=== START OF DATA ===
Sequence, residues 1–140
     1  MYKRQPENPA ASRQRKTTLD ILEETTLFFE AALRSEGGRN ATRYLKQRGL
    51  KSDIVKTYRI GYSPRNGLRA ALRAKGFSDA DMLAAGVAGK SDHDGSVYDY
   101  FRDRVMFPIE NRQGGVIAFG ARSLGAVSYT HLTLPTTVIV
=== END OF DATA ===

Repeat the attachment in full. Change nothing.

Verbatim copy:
Sequence, residues 1–140
     1  MYKRQPENPA ASRQRKTTLD ILEETTLFFE AALRSEGGRN ATRYLKQRGL
    51  KSDIVKTYRI GYSPRNGLRA ALRAKGFSDA DMLAAGVAGK SDHDGSVYDY
   101  FRDRVMFPIE NRQGGVIAFG ARSLGAVSYT HLTLPTTVIV